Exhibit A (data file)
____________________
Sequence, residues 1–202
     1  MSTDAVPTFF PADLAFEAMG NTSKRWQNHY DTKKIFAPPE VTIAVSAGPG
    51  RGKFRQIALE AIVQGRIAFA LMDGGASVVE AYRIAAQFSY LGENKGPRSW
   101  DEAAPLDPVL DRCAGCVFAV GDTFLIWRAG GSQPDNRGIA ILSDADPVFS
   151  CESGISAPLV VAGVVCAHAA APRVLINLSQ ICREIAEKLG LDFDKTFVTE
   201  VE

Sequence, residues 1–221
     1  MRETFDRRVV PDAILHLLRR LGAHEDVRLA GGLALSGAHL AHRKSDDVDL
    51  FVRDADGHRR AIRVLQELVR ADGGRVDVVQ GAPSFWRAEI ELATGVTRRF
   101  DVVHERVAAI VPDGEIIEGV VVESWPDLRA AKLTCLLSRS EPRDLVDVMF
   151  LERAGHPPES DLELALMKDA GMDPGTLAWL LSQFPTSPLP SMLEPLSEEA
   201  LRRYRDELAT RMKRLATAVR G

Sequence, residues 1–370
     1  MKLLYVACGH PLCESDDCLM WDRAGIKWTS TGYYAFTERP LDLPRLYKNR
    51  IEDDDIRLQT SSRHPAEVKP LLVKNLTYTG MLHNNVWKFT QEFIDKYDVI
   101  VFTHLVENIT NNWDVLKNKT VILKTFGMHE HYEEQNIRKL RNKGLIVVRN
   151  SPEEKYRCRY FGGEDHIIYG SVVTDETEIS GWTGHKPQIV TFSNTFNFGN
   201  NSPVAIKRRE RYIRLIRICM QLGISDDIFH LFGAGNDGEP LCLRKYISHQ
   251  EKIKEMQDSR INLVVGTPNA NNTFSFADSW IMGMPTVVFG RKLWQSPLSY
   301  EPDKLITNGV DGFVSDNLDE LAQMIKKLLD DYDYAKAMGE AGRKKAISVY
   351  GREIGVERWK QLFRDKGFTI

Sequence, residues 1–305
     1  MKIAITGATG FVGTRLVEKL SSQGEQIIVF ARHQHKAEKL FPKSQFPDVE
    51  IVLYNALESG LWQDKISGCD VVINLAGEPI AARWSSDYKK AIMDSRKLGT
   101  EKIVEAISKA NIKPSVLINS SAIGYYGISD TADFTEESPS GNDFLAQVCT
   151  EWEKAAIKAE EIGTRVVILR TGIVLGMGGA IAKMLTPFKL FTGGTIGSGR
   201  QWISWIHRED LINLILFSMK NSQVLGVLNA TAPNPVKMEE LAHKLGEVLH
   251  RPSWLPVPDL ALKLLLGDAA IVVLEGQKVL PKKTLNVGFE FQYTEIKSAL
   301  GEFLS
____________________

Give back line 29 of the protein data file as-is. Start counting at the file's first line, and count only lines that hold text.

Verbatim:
   301  GEFLS